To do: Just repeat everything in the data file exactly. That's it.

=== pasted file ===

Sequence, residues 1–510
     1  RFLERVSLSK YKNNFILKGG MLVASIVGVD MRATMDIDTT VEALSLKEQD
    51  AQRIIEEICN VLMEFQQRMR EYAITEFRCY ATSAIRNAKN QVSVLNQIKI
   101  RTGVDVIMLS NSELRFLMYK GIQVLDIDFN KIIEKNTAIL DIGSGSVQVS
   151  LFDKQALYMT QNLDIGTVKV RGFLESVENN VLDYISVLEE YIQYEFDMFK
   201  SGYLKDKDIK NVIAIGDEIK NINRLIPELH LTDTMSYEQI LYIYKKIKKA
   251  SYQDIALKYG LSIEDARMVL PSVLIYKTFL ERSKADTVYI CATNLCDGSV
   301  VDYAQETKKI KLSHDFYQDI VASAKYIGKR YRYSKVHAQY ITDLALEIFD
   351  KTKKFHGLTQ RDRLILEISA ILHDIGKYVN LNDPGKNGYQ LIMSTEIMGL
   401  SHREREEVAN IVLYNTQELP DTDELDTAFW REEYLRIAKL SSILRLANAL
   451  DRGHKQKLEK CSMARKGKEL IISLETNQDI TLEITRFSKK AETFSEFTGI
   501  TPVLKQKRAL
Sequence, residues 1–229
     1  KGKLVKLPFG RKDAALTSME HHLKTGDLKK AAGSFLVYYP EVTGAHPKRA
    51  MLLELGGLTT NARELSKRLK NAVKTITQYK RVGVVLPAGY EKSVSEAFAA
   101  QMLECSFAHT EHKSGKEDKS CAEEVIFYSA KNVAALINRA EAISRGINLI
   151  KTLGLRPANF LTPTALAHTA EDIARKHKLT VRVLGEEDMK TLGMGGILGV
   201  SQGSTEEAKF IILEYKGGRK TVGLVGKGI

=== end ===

Sequence, residues 1–510
     1  RFLERVSLSK YKNNFILKGG MLVASIVGVD MRATMDIDTT VEALSLKEQD
    51  AQRIIEEICN VLMEFQQRMR EYAITEFRCY ATSAIRNAKN QVSVLNQIKI
   101  RTGVDVIMLS NSELRFLMYK GIQVLDIDFN KIIEKNTAIL DIGSGSVQVS
   151  LFDKQALYMT QNLDIGTVKV RGFLESVENN VLDYISVLEE YIQYEFDMFK
   201  SGYLKDKDIK NVIAIGDEIK NINRLIPELH LTDTMSYEQI LYIYKKIKKA
   251  SYQDIALKYG LSIEDARMVL PSVLIYKTFL ERSKADTVYI CATNLCDGSV
   301  VDYAQETKKI KLSHDFYQDI VASAKYIGKR YRYSKVHAQY ITDLALEIFD
   351  KTKKFHGLTQ RDRLILEISA ILHDIGKYVN LNDPGKNGYQ LIMSTEIMGL
   401  SHREREEVAN IVLYNTQELP DTDELDTAFW REEYLRIAKL SSILRLANAL
   451  DRGHKQKLEK CSMARKGKEL IISLETNQDI TLEITRFSKK AETFSEFTGI
   501  TPVLKQKRAL
Sequence, residues 1–229
     1  KGKLVKLPFG RKDAALTSME HHLKTGDLKK AAGSFLVYYP EVTGAHPKRA
    51  MLLELGGLTT NARELSKRLK NAVKTITQYK RVGVVLPAGY EKSVSEAFAA
   101  QMLECSFAHT EHKSGKEDKS CAEEVIFYSA KNVAALINRA EAISRGINLI
   151  KTLGLRPANF LTPTALAHTA EDIARKHKLT VRVLGEEDMK TLGMGGILGV
   201  SQGSTEEAKF IILEYKGGRK TVGLVGKGI